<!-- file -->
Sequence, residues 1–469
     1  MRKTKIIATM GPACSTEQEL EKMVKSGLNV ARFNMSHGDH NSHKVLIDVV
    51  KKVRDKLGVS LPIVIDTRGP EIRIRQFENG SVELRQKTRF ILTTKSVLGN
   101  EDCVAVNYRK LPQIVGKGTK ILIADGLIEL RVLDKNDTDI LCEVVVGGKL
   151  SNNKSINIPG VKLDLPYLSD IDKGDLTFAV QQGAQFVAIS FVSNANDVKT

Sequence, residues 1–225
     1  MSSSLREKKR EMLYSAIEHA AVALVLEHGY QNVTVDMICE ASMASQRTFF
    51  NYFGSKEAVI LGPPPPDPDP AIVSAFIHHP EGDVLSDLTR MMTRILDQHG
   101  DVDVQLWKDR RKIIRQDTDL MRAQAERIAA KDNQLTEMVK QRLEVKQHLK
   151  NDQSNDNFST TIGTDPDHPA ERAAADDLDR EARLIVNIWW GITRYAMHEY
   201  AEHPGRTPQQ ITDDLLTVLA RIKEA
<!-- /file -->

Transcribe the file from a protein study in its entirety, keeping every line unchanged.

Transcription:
Sequence, residues 1–469
     1  MRKTKIIATM GPACSTEQEL EKMVKSGLNV ARFNMSHGDH NSHKVLIDVV
    51  KKVRDKLGVS LPIVIDTRGP EIRIRQFENG SVELRQKTRF ILTTKSVLGN
   101  EDCVAVNYRK LPQIVGKGTK ILIADGLIEL RVLDKNDTDI LCEVVVGGKL
   151  SNNKSINIPG VKLDLPYLSD IDKGDLTFAV QQGAQFVAIS FVSNANDVKT

Sequence, residues 1–225
     1  MSSSLREKKR EMLYSAIEHA AVALVLEHGY QNVTVDMICE ASMASQRTFF
    51  NYFGSKEAVI LGPPPPDPDP AIVSAFIHHP EGDVLSDLTR MMTRILDQHG
   101  DVDVQLWKDR RKIIRQDTDL MRAQAERIAA KDNQLTEMVK QRLEVKQHLK
   151  NDQSNDNFST TIGTDPDHPA ERAAADDLDR EARLIVNIWW GITRYAMHEY
   201  AEHPGRTPQQ ITDDLLTVLA RIKEA